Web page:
Réf. Dankers & Feyen 2008

Référence bibliographique complète

DANKERS, R., FEYEN, L. 2008. Climate change impact on flood hazard in Europe: An assessment based on high resolution climate simulations,Journal of Geophysical Research, 113, D19105, doi :10.1029/2007JD009719.

Abstract: Global warming is generally expected to increase the magnitude and frequency of extreme precipitation events, which may lead to more intense and frequent river flooding. This work assesses the implications of climate change for future flood hazard in Europe. Regional climate simulations from the HIRHAM model with 12-km horizontal resolution were used to drive the hydrological model LISFLOOD, and extreme value techniques were applied to the results to estimate the probability of extreme discharges. It was found that by the end of this century under the Special Report on Emission Scenarios (SRES) A2 emissions scenario in many European rivers extreme discharge levels may increase in magnitude and frequency. In several rivers, most notably in the west and parts of eastern Europe, the return period of what is currently a 100-year flood may in the future decrease to 50 years or less. A considerable decrease in flood hazard was found in the northeast, where warmer winters and a shorter snow season reduce the magnitude of the spring snowmelt peak. Also in other rivers in central and southern Europe a decrease in extreme river flows was simulated. The results were compared with those obtained with two HIRHAM experiments at 50-km resolution for the SRES A2 and B2 scenarios. Disagreements between the various model experiments indicate that the effect of the horizontal resolution of the regional climate model is comparable in magnitude to the greenhouse gas scenario. Also, the choice of extreme value distribution to estimate discharge extremes influences the results, especially for events with higher return periods.


Organismes / Contact
Institute for Environment and Sustainability, Joint Research Centre, Ispra, Italy.

(1) - Paramètre(s) atmosphérique(s) modifié(s)
(2) - Elément(s) du milieu impacté(s)
(3) - Type(s) d'aléa impacté(s)
(3) - Sous-type(s) d'aléa
Precipitation   Floods  

Pays / Zone
Massif / Secteur
Site(s) d'étude
Période(s) d'observation

(1) - Modifications des paramètres atmosphériques

Changes in Meteorological Forcing

Changes in precipitation between scenario and control run in the three HIRHAM experiments:
Averaged over Europe, the changes in average annual precipitation are fairly small; however, the regional differences are large. In line with other studies with different RCMs and GCMs [see Christensen and Christensen, 2007], the three scenario runs show a strong increase in annual precipitation over northern Europe, and a strong decrease in the south, particularly over the Iberian Peninsula. [...]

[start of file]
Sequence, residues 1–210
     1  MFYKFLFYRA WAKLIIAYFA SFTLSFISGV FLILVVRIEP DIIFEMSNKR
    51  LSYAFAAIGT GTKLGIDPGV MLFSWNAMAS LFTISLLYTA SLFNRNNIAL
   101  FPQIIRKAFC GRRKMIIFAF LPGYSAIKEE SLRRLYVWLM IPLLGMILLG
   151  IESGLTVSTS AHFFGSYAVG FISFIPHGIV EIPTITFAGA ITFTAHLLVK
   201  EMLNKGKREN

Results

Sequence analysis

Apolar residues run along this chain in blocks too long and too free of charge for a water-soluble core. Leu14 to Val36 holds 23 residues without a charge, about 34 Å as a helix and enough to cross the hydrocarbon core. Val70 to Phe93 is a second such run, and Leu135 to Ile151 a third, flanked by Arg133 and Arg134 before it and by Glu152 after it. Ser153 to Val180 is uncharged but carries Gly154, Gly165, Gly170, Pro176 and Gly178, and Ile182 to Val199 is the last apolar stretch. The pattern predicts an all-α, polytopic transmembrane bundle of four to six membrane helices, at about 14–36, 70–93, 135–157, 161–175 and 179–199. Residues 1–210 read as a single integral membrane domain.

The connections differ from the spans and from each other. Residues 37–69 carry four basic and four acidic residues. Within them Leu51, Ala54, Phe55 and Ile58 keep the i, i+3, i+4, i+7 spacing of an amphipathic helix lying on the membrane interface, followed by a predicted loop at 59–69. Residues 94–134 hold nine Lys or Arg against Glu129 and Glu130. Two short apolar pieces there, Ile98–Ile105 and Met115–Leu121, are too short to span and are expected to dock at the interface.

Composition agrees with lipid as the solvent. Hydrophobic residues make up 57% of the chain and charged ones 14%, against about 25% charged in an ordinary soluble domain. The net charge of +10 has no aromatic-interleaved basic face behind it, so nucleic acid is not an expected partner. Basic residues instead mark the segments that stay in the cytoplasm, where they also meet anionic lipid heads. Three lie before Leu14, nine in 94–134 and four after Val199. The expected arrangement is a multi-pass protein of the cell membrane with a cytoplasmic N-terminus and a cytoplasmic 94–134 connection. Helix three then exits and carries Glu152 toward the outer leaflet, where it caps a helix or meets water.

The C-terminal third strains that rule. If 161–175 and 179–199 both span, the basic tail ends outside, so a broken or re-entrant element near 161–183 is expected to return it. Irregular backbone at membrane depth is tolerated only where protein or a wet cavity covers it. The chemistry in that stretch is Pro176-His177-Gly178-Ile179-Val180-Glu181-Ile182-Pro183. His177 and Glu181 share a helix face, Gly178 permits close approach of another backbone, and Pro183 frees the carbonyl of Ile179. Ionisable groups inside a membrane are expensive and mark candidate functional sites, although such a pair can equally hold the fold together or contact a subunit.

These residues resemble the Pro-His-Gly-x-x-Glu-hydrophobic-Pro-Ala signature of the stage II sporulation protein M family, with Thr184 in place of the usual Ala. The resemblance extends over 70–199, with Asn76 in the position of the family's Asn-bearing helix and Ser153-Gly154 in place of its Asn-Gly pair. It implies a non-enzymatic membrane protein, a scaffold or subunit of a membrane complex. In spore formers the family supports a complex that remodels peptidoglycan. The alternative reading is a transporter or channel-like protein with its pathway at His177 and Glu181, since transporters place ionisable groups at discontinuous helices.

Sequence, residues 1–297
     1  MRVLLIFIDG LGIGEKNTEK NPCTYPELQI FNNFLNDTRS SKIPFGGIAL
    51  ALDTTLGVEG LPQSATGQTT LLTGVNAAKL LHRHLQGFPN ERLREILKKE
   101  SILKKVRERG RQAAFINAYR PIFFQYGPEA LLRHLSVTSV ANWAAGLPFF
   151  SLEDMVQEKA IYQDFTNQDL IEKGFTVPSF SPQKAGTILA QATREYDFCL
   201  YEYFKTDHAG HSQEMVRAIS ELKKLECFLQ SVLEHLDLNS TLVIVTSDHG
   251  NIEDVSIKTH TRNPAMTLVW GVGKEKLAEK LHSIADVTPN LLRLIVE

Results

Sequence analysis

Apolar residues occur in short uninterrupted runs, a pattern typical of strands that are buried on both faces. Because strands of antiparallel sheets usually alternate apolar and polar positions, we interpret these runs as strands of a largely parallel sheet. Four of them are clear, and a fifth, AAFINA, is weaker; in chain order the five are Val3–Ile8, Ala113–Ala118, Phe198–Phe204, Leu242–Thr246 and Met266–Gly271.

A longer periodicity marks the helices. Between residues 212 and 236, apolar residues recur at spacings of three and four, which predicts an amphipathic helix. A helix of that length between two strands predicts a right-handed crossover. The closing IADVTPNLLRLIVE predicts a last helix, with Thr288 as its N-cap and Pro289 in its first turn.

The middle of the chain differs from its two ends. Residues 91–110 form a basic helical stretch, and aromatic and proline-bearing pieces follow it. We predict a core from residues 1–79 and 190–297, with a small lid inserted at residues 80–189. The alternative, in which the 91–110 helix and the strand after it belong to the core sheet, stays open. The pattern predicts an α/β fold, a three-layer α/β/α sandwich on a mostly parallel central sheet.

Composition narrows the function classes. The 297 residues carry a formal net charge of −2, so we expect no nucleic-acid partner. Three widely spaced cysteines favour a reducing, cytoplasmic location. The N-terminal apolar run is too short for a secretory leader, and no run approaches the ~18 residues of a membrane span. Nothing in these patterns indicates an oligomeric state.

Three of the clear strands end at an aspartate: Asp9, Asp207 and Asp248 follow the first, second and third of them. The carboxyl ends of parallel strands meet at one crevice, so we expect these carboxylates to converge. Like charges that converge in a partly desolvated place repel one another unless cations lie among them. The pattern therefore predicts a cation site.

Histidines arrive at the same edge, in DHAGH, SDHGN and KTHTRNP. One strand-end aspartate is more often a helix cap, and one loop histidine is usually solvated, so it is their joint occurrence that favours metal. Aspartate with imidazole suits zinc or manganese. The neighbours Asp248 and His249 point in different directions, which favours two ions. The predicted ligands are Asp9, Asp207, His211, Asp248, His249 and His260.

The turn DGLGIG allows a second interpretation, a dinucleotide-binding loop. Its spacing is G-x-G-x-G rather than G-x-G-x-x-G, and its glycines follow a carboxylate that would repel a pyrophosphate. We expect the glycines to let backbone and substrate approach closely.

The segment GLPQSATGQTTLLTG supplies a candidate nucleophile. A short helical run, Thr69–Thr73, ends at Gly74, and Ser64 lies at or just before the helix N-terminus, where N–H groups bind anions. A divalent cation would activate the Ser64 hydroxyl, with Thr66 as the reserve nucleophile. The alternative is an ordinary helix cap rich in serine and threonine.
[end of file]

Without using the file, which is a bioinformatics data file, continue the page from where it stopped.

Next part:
Change in average seasonal precipitation in the HIRHAM H12A2 scenario run compared to the corresponding control run:
Over most of Europe the precipitation is increasing in winter and, to a lesser extent, in spring, while in summer and autumn the rainfall is generally decreasing, except in the north.

Change in the annual maximum 5-day accumulated rainfall (average over 30 years), as an indicator of extreme precipitation, in the H12A2, H50A2, and H50B2 scenario runs relative to the respective control runs:
The patterns of change in extreme rainfall are much more heterogeneous than in the average precipitation. [...] Strong but localized increases in heavy rainfall are simulated over much of Europe, except for the very south. The patterns of change are roughly similar in the two A2 scenario runs, but locally there are differences, for example over Finland. The H50B2 scenario results in a stronger increase over much of eastern Europe and southern France, but much smaller changes in the west. Overall, the magnitude of changes in precipitation in the B2 scenario is comparable to that in the two A2 experiments, while the temperature increase is much smaller: averaged over Europe, the temperature rise is 3.7 and 4.0 K in the H12A2 and H50A2 runs, respectively, compared to 2.7 K in the H50B2 run. This suggests that the regional precipitation changes are, at least to some extent, determined by interdecadal variability in the driving global model [...], rather than by the different greenhouse gas pathways.


Informations complémentaires (données utilisées, méthode, scénarios, etc.)

Model simulations:
[The authors] used results from a recent experiment with the RCM HIRHAM [Christensen et al., 1996] in which a very high horizontal resolution of ~12 km was adopted. This experiment has been conducted within the framework of the PRUDENCE project [Christensen et al., 2007]. The simulations consisted of two 30-year time slices: a control run with a GHG forcing corresponding to 1961–1990, and a scenario run corresponding to 2071–2100 according to the A2 scenario of the Intergovernmental Panel on Climate Change [IPCC, 2000]. These runs are referred to as ‘‘H12CL’’ and ‘‘H12A2,’’ respectively. In the control run, the lateral boundaries were derived from the HadAM3H high-resolution global atmosphere model, which itself had been forced by low-resolution observed sea surface temperature (SST) and sea-ice extent [see references in the study]. Furthermore [the authors] applied three HIRHAM simulations at a lower resolution of ~50 km that used essentially the same boundary conditions: a 30-year control run (‘‘H50CL’’) and two scenario runs with GHG forcing according to the IPCC scenarios A2 and B2 (‘‘H50A2’’ and ‘‘H50B2,’’ respectively).